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“ A loved bequest—and I may half impart
To those that feel the strong paternal tie,
That living flow'r uprose beneath his eye,
From hours when she would round his garden play,
Her lovely mind could culture well repay, And more engaging grew from pleasing day to day. “ I may not paint those thousand infant charms
(Unconscious fascination, undesign'd!)
For God to bless her sire and all mankind;
Or how sweet fairy-lore he heard her con
All uncompanion'd else her years had gone,
“ And summer was the tide, and sweet the hour,
When sire and daughter saw, with fleet descent,
Of buskin'd limb and swarthy lineament;
And bracelets bound the arm that help'd to light
Of Christian vesture and complexion bright,
In the foregoing stanzas we particularly admire the line66 Till now in Gertrude's eyes their ninth blue summer shone."
It appears to us like the ecstatic union of natural beauty and poetic fancy, and in its playful sublimity resembles the azure canopy mirrored in the smiling waters, bright, liquid, serene, heavenly! A great outcry, we know, has prevailed for some time past against poetic diction and affected conceits, and, to a certain degree, we go along with it; but this must not prevent us from feeling the thrill of pleasure when we see beauty linked to beauty, like kindred flame to flame, or from applauding the voluptuous fancy that raises and adorns the fairy fabric of thought, that nature has begun! Pleasure is “scattered in stray-gifts o'er the earth” -beauty streaks the “ famous poet's page” in occasional lines of inconceivable brightness; and wherever this is the case, no splenetic censures or “ jealous leer malign,” no idle theories or cold indifference should hinder us from greeting it with rapture. There are other parts of this poem equally delightful, in which there is a light startling as the red-bird's wing ; a perfume like that of the magnolia; a music like the murmuring of pathless woods or of the everlasting ocean. We conceive, however, that Mr. Campbell excels chiefly in sentiment and imagery. The story moves slow, and is mechanically conducted, and rather resembles a
Scotch canal carried over lengthened aqueducts and with a number of locks in it, than one of those rivers that sweep in their majestic course, broad and full, over Transatlantic plains and lose themselves in rolling gulfs, or thunder down lofty precipices. But in the centre, the inmost recesses of our poet's heart, the pearly dew of sensibility is distilled and collects, like the diamond in the mine, and the structure of his fane rests on the crystal columns of a polished imagination. We prefer the Gertrude to the Pleasures of Hope, because with perhaps less brilliancy, there is more of tenderness and natural imagery in the former. In the Pleasures of Hope Mr. Campbell had not completely emancipated himself from the trammels of the more artificial style of poetry-from epigram, and antithesis, and hyperbole. The best line in it, in which earthly joys are said to be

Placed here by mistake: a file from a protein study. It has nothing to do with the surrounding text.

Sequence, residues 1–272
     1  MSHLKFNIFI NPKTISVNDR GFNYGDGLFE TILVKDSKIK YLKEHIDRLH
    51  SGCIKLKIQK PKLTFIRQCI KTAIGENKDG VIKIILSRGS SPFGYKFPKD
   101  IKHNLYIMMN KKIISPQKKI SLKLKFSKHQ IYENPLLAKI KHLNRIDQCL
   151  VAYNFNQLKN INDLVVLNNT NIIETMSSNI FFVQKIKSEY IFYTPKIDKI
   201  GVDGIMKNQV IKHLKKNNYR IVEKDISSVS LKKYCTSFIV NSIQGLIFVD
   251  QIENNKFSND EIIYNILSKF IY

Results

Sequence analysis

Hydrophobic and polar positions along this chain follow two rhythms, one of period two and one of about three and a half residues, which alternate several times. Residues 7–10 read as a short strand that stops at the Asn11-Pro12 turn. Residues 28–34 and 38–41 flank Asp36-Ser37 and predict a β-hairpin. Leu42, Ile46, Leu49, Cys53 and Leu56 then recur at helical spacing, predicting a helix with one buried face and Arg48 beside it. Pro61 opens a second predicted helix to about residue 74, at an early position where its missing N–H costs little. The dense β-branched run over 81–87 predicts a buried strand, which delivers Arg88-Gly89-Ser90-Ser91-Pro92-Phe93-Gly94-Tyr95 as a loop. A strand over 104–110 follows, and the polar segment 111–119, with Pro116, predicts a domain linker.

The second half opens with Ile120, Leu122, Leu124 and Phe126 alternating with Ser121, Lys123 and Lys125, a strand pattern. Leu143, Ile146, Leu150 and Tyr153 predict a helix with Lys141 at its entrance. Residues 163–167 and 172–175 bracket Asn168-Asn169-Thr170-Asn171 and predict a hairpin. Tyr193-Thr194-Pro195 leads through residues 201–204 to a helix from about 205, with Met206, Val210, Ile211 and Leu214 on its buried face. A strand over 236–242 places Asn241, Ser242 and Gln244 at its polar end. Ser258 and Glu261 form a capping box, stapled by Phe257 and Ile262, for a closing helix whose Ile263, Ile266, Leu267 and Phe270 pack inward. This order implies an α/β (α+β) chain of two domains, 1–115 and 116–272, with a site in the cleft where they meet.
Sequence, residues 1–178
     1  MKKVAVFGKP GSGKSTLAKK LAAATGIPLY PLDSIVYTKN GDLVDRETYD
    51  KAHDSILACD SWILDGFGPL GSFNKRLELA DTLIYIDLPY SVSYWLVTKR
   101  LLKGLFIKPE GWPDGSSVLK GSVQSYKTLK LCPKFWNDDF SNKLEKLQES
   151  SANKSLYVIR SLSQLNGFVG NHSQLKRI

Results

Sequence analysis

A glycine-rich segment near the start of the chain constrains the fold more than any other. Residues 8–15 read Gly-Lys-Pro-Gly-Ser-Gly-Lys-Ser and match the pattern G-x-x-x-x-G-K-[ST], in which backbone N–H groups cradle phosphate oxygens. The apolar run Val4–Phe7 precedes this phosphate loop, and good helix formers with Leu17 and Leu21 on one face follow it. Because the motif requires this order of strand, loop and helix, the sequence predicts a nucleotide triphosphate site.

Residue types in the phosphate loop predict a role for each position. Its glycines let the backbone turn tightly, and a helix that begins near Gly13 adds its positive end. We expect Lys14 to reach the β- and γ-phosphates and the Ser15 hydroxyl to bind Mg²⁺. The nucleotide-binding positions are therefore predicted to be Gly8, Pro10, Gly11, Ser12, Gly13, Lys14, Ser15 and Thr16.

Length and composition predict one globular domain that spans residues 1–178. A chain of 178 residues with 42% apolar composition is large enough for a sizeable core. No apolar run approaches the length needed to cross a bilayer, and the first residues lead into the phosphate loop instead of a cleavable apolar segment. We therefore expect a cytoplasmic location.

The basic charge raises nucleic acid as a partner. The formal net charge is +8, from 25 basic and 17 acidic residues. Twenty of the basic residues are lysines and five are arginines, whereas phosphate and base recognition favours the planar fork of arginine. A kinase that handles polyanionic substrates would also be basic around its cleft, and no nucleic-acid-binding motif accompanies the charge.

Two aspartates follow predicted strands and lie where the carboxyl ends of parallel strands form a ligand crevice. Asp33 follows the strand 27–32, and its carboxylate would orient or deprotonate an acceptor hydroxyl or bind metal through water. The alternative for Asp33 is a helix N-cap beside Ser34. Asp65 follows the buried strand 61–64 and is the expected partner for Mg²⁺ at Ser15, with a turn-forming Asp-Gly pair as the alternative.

“ Like angels' visits, few and far between”
is a borrowed one.* But in the Gertrude of Wyoming “we perceive a softness coming over the heart of the author, and the scales and crust of formality that fence in his couplets and give them a somewhat glittering and rigid
* “ Like angels' visits, short and far between."
appearance, fall off,” and he has succeeded in engrafting the wild and more expansive interest of the romantic school of poetry on classic elegance and precision. After the poem we have just named, Mr. Campbell's Songs are the happiest efforts of his Muse :-breathing freshness, blushing like the morn, they seem, like clustering roses, to weave a chaplet for love and liberty; or their bleeding words gush out in mournful and hurried succession, like “ ruddy drops that visit the sad heart” of thoughtful Humanity. The Battle of Hohenlinden is of all modern compositions the most lyrical in spirit and in sound. To justify this encomium, we need only recall the lines to the reader's memory.
“ On Linden, when the sun was low,
All bloodless lay th' untrodden snow,
But Linden saw another sight,
By torch and trumpet fast array’d,
Then shook the hills with thunder riv'n,
But redder yet that light shall glow
The combat deepens. On, ye brave,
Few, few shall part, where many meet!
Shall be a soldier's sepulchre." Mr. Campbell's prose-criticisms on contemporary and other poets (which have appeared in the New Monthly Magazine) are in a style at once chaste, temperate, guarded, and just.
Mr. Crabbe presents an entire contrast to
* Is not this word, which occurs in the last line but one, (as well as before) an instance of that repetition, which we so often meet with in the most correct and elegant writers?